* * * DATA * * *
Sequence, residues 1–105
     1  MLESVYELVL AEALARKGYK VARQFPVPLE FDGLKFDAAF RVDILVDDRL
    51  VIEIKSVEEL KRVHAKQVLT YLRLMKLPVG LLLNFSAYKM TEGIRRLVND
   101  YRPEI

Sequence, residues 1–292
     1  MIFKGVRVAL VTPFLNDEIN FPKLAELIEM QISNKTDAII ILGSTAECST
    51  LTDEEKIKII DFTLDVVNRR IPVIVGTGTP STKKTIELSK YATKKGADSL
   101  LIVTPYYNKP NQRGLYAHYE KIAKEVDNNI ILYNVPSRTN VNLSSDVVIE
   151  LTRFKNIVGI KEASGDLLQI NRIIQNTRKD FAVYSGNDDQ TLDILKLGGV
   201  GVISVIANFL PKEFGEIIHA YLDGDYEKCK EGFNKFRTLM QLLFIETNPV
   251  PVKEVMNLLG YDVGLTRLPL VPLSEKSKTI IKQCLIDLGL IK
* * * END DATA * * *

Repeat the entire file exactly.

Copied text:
Sequence, residues 1–105
     1  MLESVYELVL AEALARKGYK VARQFPVPLE FDGLKFDAAF RVDILVDDRL
    51  VIEIKSVEEL KRVHAKQVLT YLRLMKLPVG LLLNFSAYKM TEGIRRLVND
   101  YRPEI

Sequence, residues 1–292
     1  MIFKGVRVAL VTPFLNDEIN FPKLAELIEM QISNKTDAII ILGSTAECST
    51  LTDEEKIKII DFTLDVVNRR IPVIVGTGTP STKKTIELSK YATKKGADSL
   101  LIVTPYYNKP NQRGLYAHYE KIAKEVDNNI ILYNVPSRTN VNLSSDVVIE
   151  LTRFKNIVGI KEASGDLLQI NRIIQNTRKD FAVYSGNDDQ TLDILKLGGV
   201  GVISVIANFL PKEFGEIIHA YLDGDYEKCK EGFNKFRTLM QLLFIETNPV
   251  PVKEVMNLLG YDVGLTRLPL VPLSEKSKTI IKQCLIDLGL IK